Sharice Davids broke a lot of new ground in her win over incumbent Republican Kevin Yoder in the Kansas 3rd Congressional District. Davids, a Democrat, will be the first openly gay Kansan, and as a member of the Ho-Chunk Nation, one of the first two Native American women elected to Congress.
She spoke with Steve Kraske, host of KCUR's Up To Date talk show, about her historic win and her plans for when she takes office.
STEVE KRASKE: This has got to feel a little surreal, does it?
SHARICE DAVIDS: It does, actually. It feels very surreal to have woken up this morning and to be the congresswoman-elect is certainly exciting, but it is very surreal.
KRASKE: Now, you won 53 percent of the vote to Kevin Yoder's 44 percent. How does that margin of victory compare to what you were expecting? Or did you have any expectations for the outcome here?
DAVIDS: Well, I would say that I guess I didn't have expectations, necessarily. I just knew that we needed to just keep doing what we were doing, that we needed to keep knocking on doors. We needed to keep making phone calls and just try to connect with as many people as possible, and that we also needed to make sure that people were able to get out and vote. Sometimes that is easier and sometimes it takes a bit more work, and we definitely put in the work to make sure that we helped to get out the vote.
KRASKE: It's still a 9-point win in a district that traditionally has been fairly Republican. That's pretty amazing.
DAVIDS: Yeah. I think that we have a time right now where people are just, I mean, we're interested in making sure that everyone's voices are heard. And I think there are too many people who, you know, they feel like they showed up and the decision's already been made or their representative hasn't been or hadn't been listening to the constituents. That was so much of what we heard when I was talking to people and when our volunteers were.
KRASKE: You told me previously on Up to Date that you want, and I'm quoting here, "new leadership across the board when it comes to your party and the house." The GOP would love to have speaker Nancy Pelosi as a weapon two years from now in the 2020 campaign. Can you see any way that Nancy Pelosi wouldn't be political poison for the Democrats?
DAVIDS: That's an interesting framing. I think right now, I guess even just the way that we've been thinking about and talking about how politics is being done is part of why I say we need new leadership at the table. You know, the idea that we can get away from partisan politics is part of why I think that people were excited to elect folks like me (and) Laura Kelly (as governor of Kansas). When I talk about getting new leadership at the table, I mean we have to make sure that we've got people who are coming to the table who are willing to talk to Republicans or Democrats regardless, because we're supposed to be there to represent our constituents and not just our political party.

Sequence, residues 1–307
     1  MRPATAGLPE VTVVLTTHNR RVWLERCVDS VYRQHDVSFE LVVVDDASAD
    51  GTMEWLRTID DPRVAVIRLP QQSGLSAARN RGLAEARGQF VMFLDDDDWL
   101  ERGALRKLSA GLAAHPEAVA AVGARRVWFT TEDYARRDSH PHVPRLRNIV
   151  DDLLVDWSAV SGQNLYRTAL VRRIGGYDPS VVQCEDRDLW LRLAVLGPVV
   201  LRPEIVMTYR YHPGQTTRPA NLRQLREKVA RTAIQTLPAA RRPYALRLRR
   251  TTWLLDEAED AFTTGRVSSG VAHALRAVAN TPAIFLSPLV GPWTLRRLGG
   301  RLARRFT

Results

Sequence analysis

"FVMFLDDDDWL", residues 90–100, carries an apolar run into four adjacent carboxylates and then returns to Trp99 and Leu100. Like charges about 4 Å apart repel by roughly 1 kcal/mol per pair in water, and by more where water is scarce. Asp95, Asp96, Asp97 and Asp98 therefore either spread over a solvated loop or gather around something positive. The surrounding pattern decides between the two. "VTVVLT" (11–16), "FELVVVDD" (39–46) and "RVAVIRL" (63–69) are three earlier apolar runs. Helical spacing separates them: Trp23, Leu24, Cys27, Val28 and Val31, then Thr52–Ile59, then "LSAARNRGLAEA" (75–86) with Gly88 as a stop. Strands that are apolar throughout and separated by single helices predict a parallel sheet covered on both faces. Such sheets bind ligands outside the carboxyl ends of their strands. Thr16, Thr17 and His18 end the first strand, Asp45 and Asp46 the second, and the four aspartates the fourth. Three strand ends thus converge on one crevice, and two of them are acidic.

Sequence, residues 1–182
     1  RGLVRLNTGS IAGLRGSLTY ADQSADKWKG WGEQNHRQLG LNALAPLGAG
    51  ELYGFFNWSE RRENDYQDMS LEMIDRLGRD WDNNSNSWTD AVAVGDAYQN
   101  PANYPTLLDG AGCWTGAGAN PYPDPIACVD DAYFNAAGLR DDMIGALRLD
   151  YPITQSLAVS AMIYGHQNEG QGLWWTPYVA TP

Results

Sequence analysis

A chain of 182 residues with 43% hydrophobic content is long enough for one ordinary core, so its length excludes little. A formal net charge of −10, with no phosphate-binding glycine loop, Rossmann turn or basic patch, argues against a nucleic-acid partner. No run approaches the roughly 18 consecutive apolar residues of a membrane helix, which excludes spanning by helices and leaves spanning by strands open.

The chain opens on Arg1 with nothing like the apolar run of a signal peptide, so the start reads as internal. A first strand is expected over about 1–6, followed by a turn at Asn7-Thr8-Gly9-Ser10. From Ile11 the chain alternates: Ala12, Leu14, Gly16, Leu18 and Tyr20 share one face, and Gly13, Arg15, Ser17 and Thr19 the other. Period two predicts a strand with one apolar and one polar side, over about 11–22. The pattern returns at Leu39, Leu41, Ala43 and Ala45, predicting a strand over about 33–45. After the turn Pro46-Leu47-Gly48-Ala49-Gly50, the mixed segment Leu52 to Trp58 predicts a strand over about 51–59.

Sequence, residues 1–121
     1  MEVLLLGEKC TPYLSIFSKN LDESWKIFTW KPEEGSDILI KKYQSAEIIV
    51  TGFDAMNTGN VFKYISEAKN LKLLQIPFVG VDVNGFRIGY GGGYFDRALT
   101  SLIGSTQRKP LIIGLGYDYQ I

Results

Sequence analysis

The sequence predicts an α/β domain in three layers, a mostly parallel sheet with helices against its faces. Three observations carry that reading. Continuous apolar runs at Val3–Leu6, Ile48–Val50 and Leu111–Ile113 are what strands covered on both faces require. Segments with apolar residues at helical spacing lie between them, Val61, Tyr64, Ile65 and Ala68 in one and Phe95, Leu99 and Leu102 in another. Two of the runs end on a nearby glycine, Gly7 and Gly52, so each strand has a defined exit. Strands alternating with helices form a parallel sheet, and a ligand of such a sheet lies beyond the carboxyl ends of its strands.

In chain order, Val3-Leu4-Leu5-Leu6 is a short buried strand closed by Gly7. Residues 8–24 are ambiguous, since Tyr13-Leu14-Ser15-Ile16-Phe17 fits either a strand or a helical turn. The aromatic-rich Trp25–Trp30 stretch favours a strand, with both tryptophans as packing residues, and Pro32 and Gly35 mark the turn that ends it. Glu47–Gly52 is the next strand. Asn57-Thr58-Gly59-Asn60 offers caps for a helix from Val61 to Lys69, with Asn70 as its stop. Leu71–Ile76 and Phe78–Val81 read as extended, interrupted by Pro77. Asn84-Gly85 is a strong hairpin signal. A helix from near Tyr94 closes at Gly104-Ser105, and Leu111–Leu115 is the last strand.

KRASKE: What issues do you want to tackle first once you've settled in, out in Washington?
DAVIDS: Well, certainly health care. Because that is the thing that I hear about every single day. It's funny to say — I was going to say we're done with the campaign trail now, but we're moving into a place where we have to make sure that I'm focusing on the issues that people told me about over the last eight or nine months: health care, protecting people with pre-existing conditions, making sure they're not getting priced out of plans, making sure that we're bringing down the costs of health care, prescription drug prices. Those are the things that I know I'm going to have to take with me when I go to Washington and should be the top of the priority list for addressing. Also, money in politics is such a foundational issue and effects the way decisions are made in all the other areas — health care, education. I think that will also be something I'd like to make sure is at the top of the priority list.
KRASKE: Who are you looking at as most likely being able to work with in the House? And do you know many folks who you'll be serving with out there?
DAVIDS: I know that I'm going to have the opportunity in the next few weeks to start to really build some real relationships with folks. At this point I've had quite a few conversations with Congressman (Emanuel) Cleaver. He helped me just in terms of trying to make sure that I understood some of the ways that things work, and I'm looking forward to working with him of course, because he's the counterpart here in the metro area. And then I'm excited about the idea of getting out there and seeing a lot of new faces and also figuring out, regardless of whether somebody is a Republican or a Democrat, figuring out who are the people who are interested in addressing some of those health care issues and money in politics issues that I was just talking about.
KRASKE: Final question. You're a woman, a Native American, a member of the LGBTQ community. What perspective does that combination give you as you head out to Washington to represent the 3rd District of Kansas now?
DAVIDS: I think it just helps, because those are all parts of who I am in the same way that being a first-generation college student, coming from a family with very little financial resources, all of those experiences add to my ability to recognize that we all have to work hard, we all have to do so much to be able to have opportunity, and just trying to make sure that we all have equal access to that opportunity. I think it really helps with that perspective and with listening to people who have different experiences than I have.
KRASKE: You know, I've got to be honest with you. Six months ago, I didn't think you had much of a shot. And here I am saying goodbye to you as Congresswoman-elect Sharice Davids.
DAVIDS: I appreciate it, and I look forward to talking to you again.
Steve Kraske is host of KCUR's Up to Date. Follow him on Twitter, @SteveKraske.